Branches are normally used in two places in FreeBSD.

First, release branches, used for taking code from HEAD and preparing for a release. These are typically under the control of the release engineer. These branches are expected to last for the lifetime of the project (not just the life time of the release).

Second, developer branches. These may be shorter lived, and provide a mechanism to allow developers to carry out intrusive changes (more intrusive than normally happen on -current) in an out-of-the-way location, prior to (probable) eventual integration back on to the HEAD.

Current Implementation

Release branches are created using CVS' branch creation commands. Creating a branch is a time consuming operation, and also requires a tag to be laid down (a _BP tag). While this is happening the repository is locked.

Developer branches are created in Perforce, so that developer branch creation does not impact on the normal repository operation.

SVN Implementation

Subversion does not implement a first-class branch operation.

Instead, branches are treated as copies of the source directory (or file). Copies in Subversion are cheap, taking a constant time to complete, and using very little extra repository space. You can think of them as being copy-on-write operations.

Branches are presented through Subversion's filesystem interface. Accordingly, there are no special "show branch" commands, as branches appear in the filesystem.

A consequence of this is, although given a branch, you can see where and at what revision it was copied from, you can not, given the source of a branch, easily answer the question "To what locations has this directory been branched?"

See SVN_Repo_Layout for a suggested repository layout that shows this model.

Hg Implementation

There are two classes of branches in Hg:

  1. branches created by hg clone: it is in fact cloning the entire repository, it is the main way to creating branches. The parent repository is remembered by the child in .hg/hgrc -- see hg paths so latter hg pull will do the right thing.

  2. multiples heads within a single repository/branch created through hg pull and hg merge. When you pull from a remote repository, the changesets are merge in another head then merge with your working directory when hg update is used. This intents to reduce merge conflicts.


        hg clone my-src-head

gives you a entire copy of the repository including the working area. If you only want a copy of the history, add -U to clone. When you clone on the same filesystem, by default files within .hg are hardlinked to speed up cloning and save disk space.

hg pull by default takes all non-present changesets from the parent so there is no problem with repeated merges.

You can have multiple heads within a repository without merging but it is a bit more complicated.

Pushing is as simple as running hg push because the parent - if any - will also be used by default for pushing.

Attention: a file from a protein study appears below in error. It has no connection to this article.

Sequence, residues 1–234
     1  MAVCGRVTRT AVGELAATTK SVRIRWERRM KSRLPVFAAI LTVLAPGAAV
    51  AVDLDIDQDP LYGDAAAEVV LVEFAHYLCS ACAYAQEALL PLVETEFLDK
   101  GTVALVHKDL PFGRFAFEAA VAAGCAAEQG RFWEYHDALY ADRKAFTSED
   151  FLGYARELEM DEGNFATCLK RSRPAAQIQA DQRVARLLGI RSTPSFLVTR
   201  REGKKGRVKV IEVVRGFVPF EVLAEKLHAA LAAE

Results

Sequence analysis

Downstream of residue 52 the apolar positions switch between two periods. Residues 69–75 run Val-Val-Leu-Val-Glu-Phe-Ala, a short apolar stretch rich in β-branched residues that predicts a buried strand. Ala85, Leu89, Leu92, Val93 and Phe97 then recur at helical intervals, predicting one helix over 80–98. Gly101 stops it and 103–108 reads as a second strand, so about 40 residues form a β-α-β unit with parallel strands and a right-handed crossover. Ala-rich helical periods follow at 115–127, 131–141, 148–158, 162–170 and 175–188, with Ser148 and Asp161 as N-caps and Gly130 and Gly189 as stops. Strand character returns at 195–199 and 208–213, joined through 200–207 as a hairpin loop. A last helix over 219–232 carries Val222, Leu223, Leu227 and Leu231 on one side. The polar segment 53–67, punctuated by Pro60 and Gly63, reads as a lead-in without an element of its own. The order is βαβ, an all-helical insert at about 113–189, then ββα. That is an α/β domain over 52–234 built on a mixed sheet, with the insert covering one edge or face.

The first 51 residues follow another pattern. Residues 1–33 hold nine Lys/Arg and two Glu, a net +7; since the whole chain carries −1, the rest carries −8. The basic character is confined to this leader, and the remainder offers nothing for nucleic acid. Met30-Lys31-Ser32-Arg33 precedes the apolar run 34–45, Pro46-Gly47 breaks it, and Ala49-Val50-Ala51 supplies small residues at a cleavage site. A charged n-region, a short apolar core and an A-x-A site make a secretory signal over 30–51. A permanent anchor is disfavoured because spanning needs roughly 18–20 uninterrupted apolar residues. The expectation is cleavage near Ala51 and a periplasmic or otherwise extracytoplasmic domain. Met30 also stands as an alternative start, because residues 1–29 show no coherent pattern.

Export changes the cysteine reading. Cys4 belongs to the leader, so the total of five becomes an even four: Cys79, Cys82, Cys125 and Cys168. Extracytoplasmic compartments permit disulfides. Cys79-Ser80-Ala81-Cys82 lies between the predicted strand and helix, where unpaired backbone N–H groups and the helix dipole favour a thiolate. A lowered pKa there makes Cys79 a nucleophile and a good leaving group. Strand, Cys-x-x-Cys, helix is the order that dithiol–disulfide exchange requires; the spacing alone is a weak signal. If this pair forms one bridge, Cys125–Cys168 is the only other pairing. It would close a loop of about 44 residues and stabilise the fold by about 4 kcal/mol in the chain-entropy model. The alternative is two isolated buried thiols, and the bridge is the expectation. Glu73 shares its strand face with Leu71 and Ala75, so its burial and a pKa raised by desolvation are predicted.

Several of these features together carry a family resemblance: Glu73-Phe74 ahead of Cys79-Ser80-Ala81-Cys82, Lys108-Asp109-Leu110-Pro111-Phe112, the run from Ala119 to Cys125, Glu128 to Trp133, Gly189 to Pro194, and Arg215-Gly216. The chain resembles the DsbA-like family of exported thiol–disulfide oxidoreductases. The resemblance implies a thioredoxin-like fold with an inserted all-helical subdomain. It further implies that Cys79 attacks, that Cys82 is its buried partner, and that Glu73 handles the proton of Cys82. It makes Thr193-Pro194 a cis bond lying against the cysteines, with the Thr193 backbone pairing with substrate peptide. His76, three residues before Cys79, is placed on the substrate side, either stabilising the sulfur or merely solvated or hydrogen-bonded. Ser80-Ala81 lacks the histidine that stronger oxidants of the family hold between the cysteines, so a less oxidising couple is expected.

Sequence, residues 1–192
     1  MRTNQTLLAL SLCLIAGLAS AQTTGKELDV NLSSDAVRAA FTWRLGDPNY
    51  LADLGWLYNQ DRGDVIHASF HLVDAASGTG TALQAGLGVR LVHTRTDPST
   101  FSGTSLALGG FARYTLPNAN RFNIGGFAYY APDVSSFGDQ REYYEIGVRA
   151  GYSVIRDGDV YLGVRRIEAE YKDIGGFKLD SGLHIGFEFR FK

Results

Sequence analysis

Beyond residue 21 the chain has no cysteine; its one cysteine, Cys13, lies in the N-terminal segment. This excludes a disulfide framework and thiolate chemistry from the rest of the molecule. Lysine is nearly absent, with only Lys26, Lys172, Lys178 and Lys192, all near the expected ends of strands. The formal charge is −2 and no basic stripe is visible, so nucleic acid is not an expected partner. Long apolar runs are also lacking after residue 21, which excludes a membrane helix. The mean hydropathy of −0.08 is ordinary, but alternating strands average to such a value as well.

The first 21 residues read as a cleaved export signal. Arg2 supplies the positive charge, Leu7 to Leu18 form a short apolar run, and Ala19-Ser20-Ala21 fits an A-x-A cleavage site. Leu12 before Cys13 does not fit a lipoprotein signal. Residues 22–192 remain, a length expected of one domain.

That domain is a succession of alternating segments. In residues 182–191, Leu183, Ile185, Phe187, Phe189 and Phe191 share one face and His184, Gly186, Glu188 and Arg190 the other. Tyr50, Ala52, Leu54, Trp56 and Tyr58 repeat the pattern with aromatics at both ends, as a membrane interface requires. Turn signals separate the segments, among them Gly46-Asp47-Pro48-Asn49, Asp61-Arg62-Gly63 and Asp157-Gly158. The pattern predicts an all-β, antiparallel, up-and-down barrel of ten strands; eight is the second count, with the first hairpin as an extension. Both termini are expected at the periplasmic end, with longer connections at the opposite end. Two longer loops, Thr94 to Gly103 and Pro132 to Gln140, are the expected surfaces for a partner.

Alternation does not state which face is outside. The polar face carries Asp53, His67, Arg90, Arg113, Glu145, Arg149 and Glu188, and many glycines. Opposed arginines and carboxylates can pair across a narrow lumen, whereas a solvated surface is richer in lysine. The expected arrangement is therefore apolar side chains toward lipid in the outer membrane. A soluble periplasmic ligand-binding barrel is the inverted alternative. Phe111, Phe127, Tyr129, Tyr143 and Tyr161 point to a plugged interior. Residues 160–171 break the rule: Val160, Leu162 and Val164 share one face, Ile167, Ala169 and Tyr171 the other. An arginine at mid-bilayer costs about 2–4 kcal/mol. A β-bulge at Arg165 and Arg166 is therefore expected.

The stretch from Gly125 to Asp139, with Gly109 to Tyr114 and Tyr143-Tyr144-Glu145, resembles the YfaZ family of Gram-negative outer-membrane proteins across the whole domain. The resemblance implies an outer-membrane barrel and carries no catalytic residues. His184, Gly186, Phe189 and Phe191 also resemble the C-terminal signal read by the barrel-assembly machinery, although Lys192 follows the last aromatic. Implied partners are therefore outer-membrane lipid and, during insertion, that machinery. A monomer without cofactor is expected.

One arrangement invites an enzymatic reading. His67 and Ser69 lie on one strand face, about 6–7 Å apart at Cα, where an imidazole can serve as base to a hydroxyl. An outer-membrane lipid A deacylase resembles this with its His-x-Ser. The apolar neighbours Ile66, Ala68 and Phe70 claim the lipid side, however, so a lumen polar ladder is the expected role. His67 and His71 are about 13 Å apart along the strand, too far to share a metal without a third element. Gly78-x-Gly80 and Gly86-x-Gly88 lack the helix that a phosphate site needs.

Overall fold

Git Implementation

Branches are cheap, with:

git branch <branchname> [commitid]

This just creates a new 41-byte file pointing at the sha1 of the commit that is the head of the branch.

When you do a merge, for example:

git pull . new-branch

the commit for the merge will have two (or more) parents recorded instead of one. A parent reference is a sha1 of a commit -- an identification of the entire history. So, repeated merges are simple -- the tool walks down to a shared parent then plays the new commits of one against the other to get the new tree. Various replay strategies may be used if you have a difficult merge to do.

Branches in git may be pushed easily and relatively efficiently (The receiver tells the sender what heads it has, which therefore tells about all the objects it has. Then, the sender creates a pack of whatever new stuff needs to be sent and new head updates). So, one mechanism we might use for short-lived developer branches is personal repositories on freefall. A user would set it up with:

git-clone -l -s /git/src ~/src

This creates a clone of the repository with no objects yet that says "if you can't find an object here, look in /git/src". Then, I could push my new branch to it with:

git push git+ssh:// new-branch:new-branch

Which creates just the new objects and the head on the remote end -- not a full copy of the repository.

Monotone Implementation

Supported (also see monotone:FeatureLightweightBranches)

Monotone's implementation of branches is extremely lightweight, and quite different to that in many other systems.

Revisions can be in multiple branches (or none). Revisions can be added to branches long after they are first committed, perhaps after testing or code review to determine that they are suitable. Monotone separates completely the concept of a file's history (which is important for merging) from the concept of a branch (which is important for developers keeping track of the purpose of a particular development effort and view of the code). The monotone:BranchAnalogy describes the separation of these concepts.

Example Usage

To commit some changes in a workspace to a new branch:

 <edit files>
 $ mtn commit -b

VCSFeatureBranch (last edited 2008-06-17 21:38:10 by anonymous)